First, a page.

The founder of the University, Wilhelm v. Humboldt (1767-1835), and its first rector, Johann Gottlieb Fichte, are responsible for the University’s educational ideals in the fields of science, teaching and philosophy. These principles are widely accepted as the core educational ideals even today. The three most striking traits of Humboldt and his University– in addition to a burning curiosity and an almost childlike enthusiasm for discovery – are the inseparable link between research and teaching, an interdisciplinary approach and an international bias. Each of these is essential in today’s climate. The first trait seems obvious when one considers the university’s educational ideals. Fichte had the revolutionary idea that an educational system should be formulated not just to instruct students on existing knowledge, but rather to guide and help them in developing their capabilities and in making discoveries themselves – developing their own creativity and skills rather than simply acquiring knowledge. Wilhelm v. Humboldt believed that research and teaching should be inseparable, because the pursuit of knowledge is – or should be – common to both. Knowledge should not be seen as static, as a unit or block about which one can “know everything” (Wagner in Faust, 1790/1806). Knowledge is a process, ever changing.
This was – for applied epistemology – the defining moment; today we accept this as self evident. The other two ideas were that the University should be interdisciplinary and international. Interdisciplinary universality is of course an old, originally classical legacy, typified in the works of Leonardo da Vinci and later in Goethe. But v. Humboldt’s universality was a little different, in that it encompassed such diverse areas as geography, linguistics, politics and legal science. Thus, the mutual impact of the various disciplines on each other, the interdisciplinary aspects, became even more important. The linguist studies geography; he then develops ideas for the classification of language groups, which again affect the political classification of groups of people. As a jurist, Wilhelm v. Humboldt was politically pragmatic and thus could intellectually separate the state from social issues.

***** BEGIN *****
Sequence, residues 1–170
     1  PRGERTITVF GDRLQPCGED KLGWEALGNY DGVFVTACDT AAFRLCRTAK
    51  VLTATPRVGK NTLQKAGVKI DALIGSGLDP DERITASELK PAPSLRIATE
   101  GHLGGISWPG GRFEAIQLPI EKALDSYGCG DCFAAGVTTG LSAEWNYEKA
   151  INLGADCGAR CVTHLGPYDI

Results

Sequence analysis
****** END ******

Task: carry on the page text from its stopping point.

He questioned the all-encompassing power, the ‘sanctity’ of states (“An essay on the limitations of states”). Both Wilhelm v. Humboldt and his younger brother Alexander (1769-1859) were deeply international. Full of curiosity, they studied the revolution in Paris and the development of new ideas. For years, even decades, they explored the boundaries of the known world. Few scientists are as famous today, for instance in South America, as the two v. Humboldt brothers. Wilhelm and Alexander lent their name to more than 100 natural phenomena or places. When Cuba donated the statue in front of the Humboldt University, they called Alexander “the second to discover America”, a true Columbus. Knowledge as a dynamic entity, interdisciplinary and international, that is the philosophy and the legacy of the Humboldt University and is the central theme of the curriculum for the European lawyer.
Naturally there can be no interdisciplinary interchange without discipline. Educational style cannot be a “free spirit” (only), as Goethe wrote in his poem of the same era. [Erst] "wenn wir … mit Geist und Fleiß uns an die Kunst gebunden, mag frei Natur im Herzen wieder glühen.” We understand art (‘Kunst’) in this context to mean discipline, respecting discipline first before allowing the free flow of a free spirit. In creating such discipline and system, certainly no one in Germany was more influential in the area of (private) legal science than Friedrich Carl v. Savigny (1779-1861), the first professor of Civil Law at the Humboldt University. He was against what he saw as a premature codification of the scientific principles, and advocated intellectual penetration and concept building in the Law (based on scientific analysis of (Roman) legal history). He implemented a dynamic process of systemisation and concept building such as has never been seen before or since. He influenced the whole of the 19th Century and promoted German Legal Science on Roman Law (the so-called Pandektenwissenschaft) to a leading position in Europe, even from the perspective of other countries such as England, where the great Maitland was one of his most fervent admirers. Savigny in no way restricted his ideas to national boundaries; the 8th volume of his system of the Roman Laws from 1848 is credited as being the basis for Continental European International Private Law today. Later on, Bernhard Windscheid (1807-1892), a great admirer of Savigny who was based in Heidelberg and Leipzig, built on this basis, on the work of systemisation undertaken by the ‘Pandektenwissenschaften’. His work was the main source of inspiration for the German Civil Code.